RFID Controlled Door

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Introduction: RFID Controlled Door

About: USF EE Undergraduate

This instructable was created in fulfillment of the project requirement of the Makecourse at the University of South Florida (www.makecourse.com)

Fumbling to reach for you keys and then having to find the right one for the corresponding door is usually the first or last headache of the day and it only gets worse if you're carrying something. An RFID door lock can lock and unlock doors with a swipe of a RFID keychain or card. My design uses an Arduino Uno the RFID reader and a servo. The servo that controls the door is being controlled by the micro controller and the arduino is being told when to unlock and lock the door with the RFID reader. When someone swipes the corresponding RFID card in front of the reader, the reader lets the arduino know that the correct card has been read and to then operate the servo, unlocking and locking the door.

Step 1: Parts List

Heres what you'll need:

1 Arduino Uno

1 USB printer cable

10 Jumper Cables

1 SG90 Micro Servo

1 MF522-AN RFID kit (comes with the RFID reader, card and keychain)

1 small breadboard

Optional: For demonstration purposes I 3D printed the blue and orange door lock assembly which can be found at http://www.thingiverse.com/thing:465349

Step 2: Setting Up the RFID Reader to Your Arduino

1. Use your breadboard to connect your RFID reader to seven jumper cables that will connect the reader to the arduino.

2. Connect the following RFID reader connections to the arduino pins listed.

MISO to pin 12

SCK to pin 13

SS to pin 10

MOSI to pin 11

GND to GND

3.3V to 3.3V

RST to pin 5

Step 3: Setting Up the Severo to the Arduino

To hook up the servo to your arduino connect the signal cable to pin 9 of the arduino, the black wire to gnd and the red wire to 5V. (See schematic)

Step 4: Downloading the Arduino Coding Environment

To write up the code for the arduino you must first download the latest arduino coding environment from http://arduino.cc/en/Main/Software

Step 5: Setting Up the Arduino Sketch

I used the code that came with the RFID kit and manipulated it to control the servo.

Use the arduino compiler to upload the following code

Step 6: Optional 3D Printable Demonstration Lock

To demonstrate that the servo is actually doing its job you can 3D print this demonstration lock that can even be used as a lock. If youd like to incorporate that to your project go to http://www.thingiverse.com/thing:465349 and print it out. In my project I printed the locks stationary parts in see-through blue and all of its moving parts in bright orange. The servo is connected to the large orange gear. When the servo rotates, it spins the gear which slides in the door bolt and then back out again. The action of sliding the door bolt back and forth simulates the door being unlocked and then locked again.

Step 7: Conclusion

There are many other ways to accomplish the same task but this way has seemed to work out even when my hands are full of groceries. Thanks for reading and be sure to follow me as I will be doing more write ups in the near future.

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    31 Comments

    same question

    Actually my card is not working so the servo motor is not working can you help me out please...................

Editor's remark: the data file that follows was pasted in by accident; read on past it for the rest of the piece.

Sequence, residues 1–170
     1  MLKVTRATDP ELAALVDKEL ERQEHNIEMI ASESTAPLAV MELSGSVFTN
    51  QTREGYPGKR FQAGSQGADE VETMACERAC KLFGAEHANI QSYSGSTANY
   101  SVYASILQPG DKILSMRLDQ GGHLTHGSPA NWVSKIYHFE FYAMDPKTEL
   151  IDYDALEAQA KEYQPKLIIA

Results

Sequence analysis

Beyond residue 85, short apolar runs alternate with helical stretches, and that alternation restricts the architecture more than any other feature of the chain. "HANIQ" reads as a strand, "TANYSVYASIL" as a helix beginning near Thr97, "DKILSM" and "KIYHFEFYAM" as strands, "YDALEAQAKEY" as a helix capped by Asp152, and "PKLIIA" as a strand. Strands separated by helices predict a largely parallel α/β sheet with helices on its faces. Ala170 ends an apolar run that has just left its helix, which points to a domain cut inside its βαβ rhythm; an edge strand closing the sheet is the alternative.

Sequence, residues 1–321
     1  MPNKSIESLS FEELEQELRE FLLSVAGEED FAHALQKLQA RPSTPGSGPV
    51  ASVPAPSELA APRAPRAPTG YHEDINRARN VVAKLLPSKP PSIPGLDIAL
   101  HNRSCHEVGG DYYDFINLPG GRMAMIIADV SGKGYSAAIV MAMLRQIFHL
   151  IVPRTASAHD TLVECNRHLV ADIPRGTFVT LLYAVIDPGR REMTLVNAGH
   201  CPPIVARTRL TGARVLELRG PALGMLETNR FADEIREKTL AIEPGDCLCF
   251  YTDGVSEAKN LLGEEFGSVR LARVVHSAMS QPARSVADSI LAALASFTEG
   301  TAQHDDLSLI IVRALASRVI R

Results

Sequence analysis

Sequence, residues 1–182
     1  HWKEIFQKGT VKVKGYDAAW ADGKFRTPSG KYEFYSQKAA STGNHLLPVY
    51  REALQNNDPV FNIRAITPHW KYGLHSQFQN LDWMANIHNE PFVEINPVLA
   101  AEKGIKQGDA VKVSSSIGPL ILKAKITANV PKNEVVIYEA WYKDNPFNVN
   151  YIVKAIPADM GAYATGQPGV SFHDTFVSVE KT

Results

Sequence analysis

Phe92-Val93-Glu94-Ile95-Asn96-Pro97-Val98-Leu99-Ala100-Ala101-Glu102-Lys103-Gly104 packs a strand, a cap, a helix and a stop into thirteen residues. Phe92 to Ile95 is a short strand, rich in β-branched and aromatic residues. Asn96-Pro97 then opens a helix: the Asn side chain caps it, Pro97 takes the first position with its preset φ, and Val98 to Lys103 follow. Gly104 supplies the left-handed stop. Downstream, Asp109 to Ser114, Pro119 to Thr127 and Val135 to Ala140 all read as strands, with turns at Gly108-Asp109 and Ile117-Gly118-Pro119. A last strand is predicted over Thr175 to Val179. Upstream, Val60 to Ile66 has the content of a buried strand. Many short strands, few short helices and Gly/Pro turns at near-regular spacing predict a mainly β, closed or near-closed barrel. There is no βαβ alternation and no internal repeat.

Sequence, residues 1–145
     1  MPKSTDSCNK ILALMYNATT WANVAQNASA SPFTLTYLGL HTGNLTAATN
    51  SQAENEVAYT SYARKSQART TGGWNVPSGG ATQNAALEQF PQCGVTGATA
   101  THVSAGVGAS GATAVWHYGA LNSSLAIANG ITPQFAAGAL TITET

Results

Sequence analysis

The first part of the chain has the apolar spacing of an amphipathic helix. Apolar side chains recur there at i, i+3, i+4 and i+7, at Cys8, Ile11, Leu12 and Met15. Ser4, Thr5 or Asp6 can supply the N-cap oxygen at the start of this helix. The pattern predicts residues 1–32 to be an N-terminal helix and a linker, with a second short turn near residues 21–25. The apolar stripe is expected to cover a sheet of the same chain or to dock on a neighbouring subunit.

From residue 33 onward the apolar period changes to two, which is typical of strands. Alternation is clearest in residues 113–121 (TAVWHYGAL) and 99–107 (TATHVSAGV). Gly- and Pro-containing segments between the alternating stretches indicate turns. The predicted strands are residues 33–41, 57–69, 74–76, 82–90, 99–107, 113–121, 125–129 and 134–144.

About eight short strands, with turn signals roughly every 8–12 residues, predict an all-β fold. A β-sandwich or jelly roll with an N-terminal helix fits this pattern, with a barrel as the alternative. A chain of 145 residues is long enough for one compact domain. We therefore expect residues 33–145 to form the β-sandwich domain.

I am able to get this to work, but after the servo unlocks it creeps back locked.

    is there a way to change to code so that the lock stays unlocked until you swip the RFID card again to lock?

    Hai,I have a aruino mega but change the code than ?! So yes can you send my thad code

    Maybe I'm missing something that should be obvious but how do you program the ATMega to know which cards to open for? I'm working on this project right now and am a bit stumped. Any help is appreciated. Thanks in advance!

    i doing a final year project on asset tracking using rfid and arduino but i dont know what are the component that i will require to accomplish this project.help please

    This is pretty sweet. I've actually saved that lock mechanism from thingiverse already in anticipation of trying it out. I'm curious as to how secure an actual 3D printed lock would be, as getting in a metal version would be significantly more expensive especially for a customized version.

    I wonder if its possible to customize the bolt by screwing in a solid metal tip on the end, but leaving the gear section plastic. That way if anyone tried to force your door while it was locked it would be just as secure as a normal deadbolt.

    2 replies

    If you mounted a metal plate like on the bolt for any door on the door and jam and made sure the metal of the bolt is long enough that it would reach an angle at which it binds up with both the plates before the door is open you could keep it locked without even anchoring the mechanism more than enough to force the bolt into place.

    The PLA that the assembly was printed in is strong enough for other projects like the coffee table and locking compartments you mentioned but I wouldn't use it as the first line of defence for your house. Let me know what you discover!

    There is a "Protected Contest" going on right now that you should enter this project in.

    1 reply

    Thanks for the heads up. I just tried to enter and the instructable isn't eligible; it was published before the contest entry date

    @flagtrax A lot of public libraries now have 3d printers that anyone can use. Only charge is for the small amount of filament you use. Very inexpensive.

    1 reply

    Yes. Community colleges, universities and hackerspaces should also be helpful.

    Thanks. This looks really cool. I may modify to let my cat in and out when I'm not home.

    1 reply

    Awesome idea! I was thinking of repurposing it for my car but I kind of want to use a proximity sensor for that.

    I might make this.